Bob Vander Platts, Iowa’s leading religious conservative and a former gubernatorial candidate, won’t be running for the Senate this year.

The decision from the leader of the powerful social conservative organization The Family Leader ends weeks of speculation about his plans for the seat being vacated by retiring Sen. Tom HarkinThomas (Tom) Richard HarkinFCC needs to help services for the deaf catch up to videoconferencing tech Biden celebrates anniversary of Americans with Disabilities Act Ex-Rep. Abby Finkenauer running for Senate in Iowa MORE (D-Iowa).

In an interview with The Des Moines Register published on Saturday, Vander Plaats said that he will focus on his book and a broader religious message instead of running for the Senate.

“That’s my sweet spot right now,” he told the newspaper.

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He added that he “came very, very close” to seeking the Senate seat and had “a great campaign team in the wings” had he chosen to run for office.

Vander Plaats had toyed with a run for weeks, and told The Hill last month that his deadline for a decision would be Saturday.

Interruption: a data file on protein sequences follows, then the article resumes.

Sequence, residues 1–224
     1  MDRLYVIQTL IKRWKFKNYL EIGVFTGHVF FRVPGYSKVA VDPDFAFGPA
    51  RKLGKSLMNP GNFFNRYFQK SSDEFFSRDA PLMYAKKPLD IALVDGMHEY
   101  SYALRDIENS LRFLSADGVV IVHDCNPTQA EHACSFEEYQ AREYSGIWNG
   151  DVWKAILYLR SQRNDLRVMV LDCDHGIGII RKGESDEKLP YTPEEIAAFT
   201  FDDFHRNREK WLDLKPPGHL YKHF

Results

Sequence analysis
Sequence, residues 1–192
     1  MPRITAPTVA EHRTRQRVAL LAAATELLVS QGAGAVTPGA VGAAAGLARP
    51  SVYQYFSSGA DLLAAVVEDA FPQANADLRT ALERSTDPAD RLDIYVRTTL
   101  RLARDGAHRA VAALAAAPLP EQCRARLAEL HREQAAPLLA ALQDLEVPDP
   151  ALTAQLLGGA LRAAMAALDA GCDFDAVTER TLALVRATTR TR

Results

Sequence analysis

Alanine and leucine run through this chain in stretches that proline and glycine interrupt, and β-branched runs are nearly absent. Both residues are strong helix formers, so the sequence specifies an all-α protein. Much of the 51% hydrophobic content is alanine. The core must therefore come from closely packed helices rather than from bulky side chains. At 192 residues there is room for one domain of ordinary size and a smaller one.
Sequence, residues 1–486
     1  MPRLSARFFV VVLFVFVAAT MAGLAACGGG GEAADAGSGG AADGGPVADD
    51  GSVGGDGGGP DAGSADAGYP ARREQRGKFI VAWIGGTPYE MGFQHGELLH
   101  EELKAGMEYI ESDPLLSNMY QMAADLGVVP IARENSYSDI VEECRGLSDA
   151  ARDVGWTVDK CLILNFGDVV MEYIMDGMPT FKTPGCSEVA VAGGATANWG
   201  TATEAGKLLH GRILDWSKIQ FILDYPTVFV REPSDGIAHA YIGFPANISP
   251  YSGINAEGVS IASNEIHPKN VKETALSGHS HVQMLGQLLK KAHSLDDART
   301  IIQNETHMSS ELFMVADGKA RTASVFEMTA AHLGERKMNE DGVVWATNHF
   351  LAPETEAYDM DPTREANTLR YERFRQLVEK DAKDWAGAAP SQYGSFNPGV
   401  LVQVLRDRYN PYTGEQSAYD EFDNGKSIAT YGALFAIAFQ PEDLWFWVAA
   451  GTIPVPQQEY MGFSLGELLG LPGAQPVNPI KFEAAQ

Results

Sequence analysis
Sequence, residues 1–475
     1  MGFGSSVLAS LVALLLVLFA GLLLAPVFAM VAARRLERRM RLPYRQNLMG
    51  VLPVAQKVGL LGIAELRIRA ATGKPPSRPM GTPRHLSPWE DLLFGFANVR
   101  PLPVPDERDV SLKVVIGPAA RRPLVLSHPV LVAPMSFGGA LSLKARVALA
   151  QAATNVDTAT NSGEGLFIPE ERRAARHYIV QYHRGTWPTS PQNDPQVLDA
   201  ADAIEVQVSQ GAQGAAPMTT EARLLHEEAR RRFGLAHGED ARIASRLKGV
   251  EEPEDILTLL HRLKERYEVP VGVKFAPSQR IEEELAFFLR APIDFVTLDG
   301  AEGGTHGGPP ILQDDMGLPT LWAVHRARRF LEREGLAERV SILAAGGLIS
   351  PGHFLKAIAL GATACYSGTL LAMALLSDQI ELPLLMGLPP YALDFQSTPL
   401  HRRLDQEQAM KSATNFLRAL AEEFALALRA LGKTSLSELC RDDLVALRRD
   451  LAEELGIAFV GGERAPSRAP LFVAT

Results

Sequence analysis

He is an influential evangelical Christian in Iowa and helped to launch the presidential prospects of former Arkansas Gov Mike Huckabee (R) and former Sen. Rick Santorum (R-Pa.), both of whom won the state’s last two presidential caucuses. He also ran for governor in 2010 but lost in the primary to Iowa Gov. Terry Branstad (R).

Democrats hoped that Vander Plaats would run and repeat the experience of Rep. Todd Akin (R-Mo.), who rose to national attention in the 2012 Senate race in Missouri with controversial remarks about “legitimate rape.”

National Republicans had worried that he would coast through the state’s June primary but could lose the general election to the Democrat in the race, Rep. Bruce BraleyBruce Lowell BraleyThe Memo: Trump attacks on Harris risk backfiring 2020 caucuses pose biggest challenge yet for Iowa's top pollster OPINION | Tax reform, not Trump-McConnell feuds, will make 2018 a win for GOP MORE (Iowa).

A handful of less prominent Republicans are still in the running to challenge Braley, including state Sen. Joni Ernst, retired utilities company chief executive Mark Jacobs, former U.S. Attorney Matt Whitaker and conservative talk-show host Sam Clovis.

Vander Plaats did not endorse any other Republicans for the seat.

“No one has broken out of the pack yet,” he told the Register. “I will encourage all God-honoring candidates in this race … but I’m not feeling a strong urging to do an endorsement.”

Vander Plaats’s book, “If 7:14,” is based on a passage from the Bible that promises salvation if people pray and reject sin.